CMS announced in its webinar that the transition of the Non-Group Health Plan (NGHP) recovery process to the Commercial Repayment Center (CRC) will be completed by October 5, 2015. This transition of the recovery workload from the Benefits Coordination and Recovery Contractor (BCRC) will only impact new conditional payment recovery actions directed towards a liability insurer (including self-insurance), no-fault insurer, or a workers’ compensation entity, or otherwise known as Applicable Plans. Pending actions against these entities will continue to be managed by the BCRC. Similarly, all recovery actions against Medicare beneficiaries and data collection activity will remain the responsibility of the BCRC.
CMS speakers Pickholtz and Wright stressed the need for parties to carefully review all conditional payment recovery correspondence in order to identify the proper contractor handling the action. Although a Medicare beneficiary may receive a courtesy copy of a direct recovery claim against an Applicable Plan, any claim initiated as of October 5, 2015 will be managed by the CRC. Correspondence to the CRC should be directed to: Commercial Repayment Center-NGHP, PO Box 93965, Cleveland, OH 44101.
The Conditional Payment Letter (CPL) and Conditional Payment Notice (CPN) were discussed during the webinar. Although both the CPL and CPN identify the amount of the current conditional payment, provide a Statement of Reimbursement (SOR) and describe the manner for disputing the charges, they also have significant differences that should be noted by the parties. The first difference pertains to the event that triggers the issuance of the document. The CPL is generally issued when a beneficiary self reports that an Applicable Plan has primary payment responsibility for an incident, while a CPN is generally issued when an Applicable Plan reports under Section 111 that it has Ongoing Responsibility for Medicals (ORM) or a responsibility for the claim as a primary payer.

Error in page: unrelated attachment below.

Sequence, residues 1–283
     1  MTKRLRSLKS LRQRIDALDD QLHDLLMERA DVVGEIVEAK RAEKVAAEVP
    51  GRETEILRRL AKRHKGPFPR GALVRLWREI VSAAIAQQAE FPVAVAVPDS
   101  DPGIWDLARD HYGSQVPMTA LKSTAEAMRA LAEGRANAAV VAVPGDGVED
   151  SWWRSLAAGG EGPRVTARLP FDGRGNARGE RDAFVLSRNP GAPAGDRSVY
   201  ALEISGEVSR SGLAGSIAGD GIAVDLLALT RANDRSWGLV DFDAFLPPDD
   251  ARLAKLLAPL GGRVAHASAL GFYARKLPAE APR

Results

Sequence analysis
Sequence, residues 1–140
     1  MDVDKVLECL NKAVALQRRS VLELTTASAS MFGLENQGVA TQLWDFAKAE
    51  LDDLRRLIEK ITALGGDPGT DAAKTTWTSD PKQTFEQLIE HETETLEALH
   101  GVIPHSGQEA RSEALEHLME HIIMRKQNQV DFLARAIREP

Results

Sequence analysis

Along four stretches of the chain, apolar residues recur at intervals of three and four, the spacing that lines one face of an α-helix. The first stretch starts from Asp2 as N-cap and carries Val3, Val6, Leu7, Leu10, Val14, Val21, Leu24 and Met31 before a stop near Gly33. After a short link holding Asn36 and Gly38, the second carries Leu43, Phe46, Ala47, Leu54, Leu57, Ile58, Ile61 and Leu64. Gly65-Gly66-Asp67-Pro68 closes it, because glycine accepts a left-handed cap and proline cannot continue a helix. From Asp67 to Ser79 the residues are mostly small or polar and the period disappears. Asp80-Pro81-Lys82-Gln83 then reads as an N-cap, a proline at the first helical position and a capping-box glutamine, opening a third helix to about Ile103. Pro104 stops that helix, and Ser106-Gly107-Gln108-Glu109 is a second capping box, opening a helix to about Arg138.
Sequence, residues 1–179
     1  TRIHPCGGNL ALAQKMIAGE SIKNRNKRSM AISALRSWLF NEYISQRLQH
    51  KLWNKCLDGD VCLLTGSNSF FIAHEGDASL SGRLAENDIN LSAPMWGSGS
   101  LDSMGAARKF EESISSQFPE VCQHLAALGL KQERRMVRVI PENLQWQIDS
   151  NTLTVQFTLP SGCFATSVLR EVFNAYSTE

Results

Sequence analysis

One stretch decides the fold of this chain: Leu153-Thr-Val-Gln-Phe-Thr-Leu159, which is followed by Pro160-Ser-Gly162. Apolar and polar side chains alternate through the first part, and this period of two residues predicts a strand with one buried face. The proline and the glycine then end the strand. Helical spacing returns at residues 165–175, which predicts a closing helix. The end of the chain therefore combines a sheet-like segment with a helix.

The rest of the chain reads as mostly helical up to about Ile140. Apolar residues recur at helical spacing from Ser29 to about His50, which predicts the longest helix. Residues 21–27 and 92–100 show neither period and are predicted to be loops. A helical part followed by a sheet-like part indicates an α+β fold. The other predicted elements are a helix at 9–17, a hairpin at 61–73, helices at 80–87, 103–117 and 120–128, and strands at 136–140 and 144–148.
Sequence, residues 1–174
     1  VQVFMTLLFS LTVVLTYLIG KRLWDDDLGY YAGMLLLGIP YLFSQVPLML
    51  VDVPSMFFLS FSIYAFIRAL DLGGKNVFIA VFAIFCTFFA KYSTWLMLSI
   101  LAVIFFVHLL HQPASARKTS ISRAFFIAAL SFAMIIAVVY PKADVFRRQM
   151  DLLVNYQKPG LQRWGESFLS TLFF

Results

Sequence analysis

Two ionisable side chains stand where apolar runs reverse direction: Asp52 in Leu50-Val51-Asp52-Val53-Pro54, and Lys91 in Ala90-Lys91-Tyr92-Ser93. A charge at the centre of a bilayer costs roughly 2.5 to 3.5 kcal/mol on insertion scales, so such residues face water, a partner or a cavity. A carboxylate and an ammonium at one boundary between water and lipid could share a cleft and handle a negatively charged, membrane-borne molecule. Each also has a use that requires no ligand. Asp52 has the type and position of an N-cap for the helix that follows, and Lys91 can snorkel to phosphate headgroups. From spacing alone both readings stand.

The key difference however between the CPL and CPN documents pertains to the manner for disputing the identified conditional payments. Conditional payments noted in a CPL may be disputed at any time, while conditional payments noted in a CPN must be disputed within 30 days of the date of the CPN. Applicable plans will have one opportunity to file a dispute in response to a CPN. If the CRC agrees with the dispute, it will remove the claims from the SOR. If it does not agree with the dispute, the conditional payments will be reflected in the demand letter.
If an Applicable Plan fails to reply to the CPN in a timely manner, a demand letter will be issued. Although Applicable Plans now have appeal rights for recovery demand letters issued to the Plans on or after April 28, 2015, failure to respond to the CPN or CPL prior to the demand letter “locks” the Applicable Plan in as the identified debtor. In light of this, Applicable Plans should make sure that they implement a procedure for the timely review of CPNs and CPLs. To ensure receipt of conditional payment recovery correspondence, the Applicable Plans should keep their Section 111 reporting information updated. Additional details regarding the formal appeal process may be found in CMS’ “Applicable Plan” Appeals download.
CMS will be providing additional webinars on the transition of the NGHP recovery process to the CRC. We will keep you advised of further developments as they arise.